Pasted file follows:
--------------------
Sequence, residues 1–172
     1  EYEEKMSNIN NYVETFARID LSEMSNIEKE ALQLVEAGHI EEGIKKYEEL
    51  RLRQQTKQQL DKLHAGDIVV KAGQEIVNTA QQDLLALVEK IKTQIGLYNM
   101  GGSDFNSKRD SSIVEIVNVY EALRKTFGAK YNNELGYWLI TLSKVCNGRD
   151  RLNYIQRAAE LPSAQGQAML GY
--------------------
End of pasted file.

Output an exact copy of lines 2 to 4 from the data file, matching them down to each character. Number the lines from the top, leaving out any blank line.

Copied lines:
     1  EYEEKMSNIN NYVETFARID LSEMSNIEKE ALQLVEAGHI EEGIKKYEEL
    51  RLRQQTKQQL DKLHAGDIVV KAGQEIVNTA QQDLLALVEK IKTQIGLYNM
   101  GGSDFNSKRD SSIVEIVNVY EALRKTFGAK YNNELGYWLI TLSKVCNGRD